Thursday, January 31, 2008

Let Them Eat Grass

The decision by the EU to ban Brazilian beef is one of the most cynical acts of protectionism that I have seen in years. Our own Government's connivance in the act is shameful.

Let's be clear about the purpose of the ban: it is to protect European beef farmers from cheap Brazilian imports, enabling them to charge European consumers far more than would otherwise be the case. Brazilian farmers get screwed, European consumers get screwed, but European farmers get to enjoy inflated incomes for another while.

The Irish Farmers Association have been at the forefront of this disgraceful assault on consumers and on developing world farmers. They are delighted at the EU's ban, ostensibly on the grounds that "Brazil had failed on FMD controls, movement and traceability, border controls and animal health and food safety issues." The entire agri-lobby from Ireland to the European Commission has ganged up on Brazil (one of the world's largest exporters of beef) for the cynical purpose of protecting their patch, whatever the cost to Europe's citizens and families.

All this nonsense about 'traceability' and 'food safety' is a pure smoke screen, of course. John Bryan, Chairman of the IFA's National Livestock Committee let slip the real motive for the ban, revealed in an item in today's Irish Times:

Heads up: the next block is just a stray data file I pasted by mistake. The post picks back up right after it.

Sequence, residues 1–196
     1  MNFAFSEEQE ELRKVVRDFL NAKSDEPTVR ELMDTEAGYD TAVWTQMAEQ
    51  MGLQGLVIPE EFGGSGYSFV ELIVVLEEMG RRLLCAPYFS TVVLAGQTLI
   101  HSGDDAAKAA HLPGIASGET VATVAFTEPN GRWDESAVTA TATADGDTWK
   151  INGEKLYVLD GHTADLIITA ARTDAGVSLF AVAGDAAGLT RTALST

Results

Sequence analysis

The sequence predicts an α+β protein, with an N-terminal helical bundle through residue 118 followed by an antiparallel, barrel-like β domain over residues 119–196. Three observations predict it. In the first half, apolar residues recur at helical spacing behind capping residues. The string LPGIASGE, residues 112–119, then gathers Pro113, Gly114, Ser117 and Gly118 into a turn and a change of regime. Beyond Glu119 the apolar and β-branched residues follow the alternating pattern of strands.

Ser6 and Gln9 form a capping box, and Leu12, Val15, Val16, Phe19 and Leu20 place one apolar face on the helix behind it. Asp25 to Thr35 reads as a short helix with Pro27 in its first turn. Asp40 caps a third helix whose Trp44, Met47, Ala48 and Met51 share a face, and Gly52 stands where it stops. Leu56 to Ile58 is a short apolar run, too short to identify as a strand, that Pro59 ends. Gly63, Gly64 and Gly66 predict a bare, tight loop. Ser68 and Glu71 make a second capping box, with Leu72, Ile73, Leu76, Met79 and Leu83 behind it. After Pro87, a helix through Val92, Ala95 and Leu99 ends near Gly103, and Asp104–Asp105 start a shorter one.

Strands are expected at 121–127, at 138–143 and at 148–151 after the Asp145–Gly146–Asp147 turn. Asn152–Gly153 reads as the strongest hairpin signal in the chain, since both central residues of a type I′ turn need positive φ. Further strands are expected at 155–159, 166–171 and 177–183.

John Bryan, said last night that he expected the removal of Brazilian product from Europe should lead to higher cattle price.
The same article quotes Fine Gael agriculture spokesman, Michael Creed TD, saying:
... it was now time for meat factories to pay a decent price for Irish beef.
So there you have it - a shameless, cynical act to foist higher prices on Europe's citizens, regardless of the damage done to the efforts of one of the BRIC economies to trade it's way to a higher standard of living. A country with the energy and ambition of Brazil deserves better from us privileged folk in Europe.

Maybe Bono or Bob (or ICTU or Concern) will take up the case and demand a better deal for Brazil, its farmers and agri-workers, and a better deal for Europe's consumers as well. Meanwhile, when you next hear an Irish politician mouthing platitudes about our commitments to aid and development, just ask them "where's the beef"?

1 comment:

  1. Finally someone tells it like it is. Shameful fear-mongering and abuse of genuine concerns over food standards. Disgraceful also how the case of the vested interest has been swallowed whole by the Irish media.


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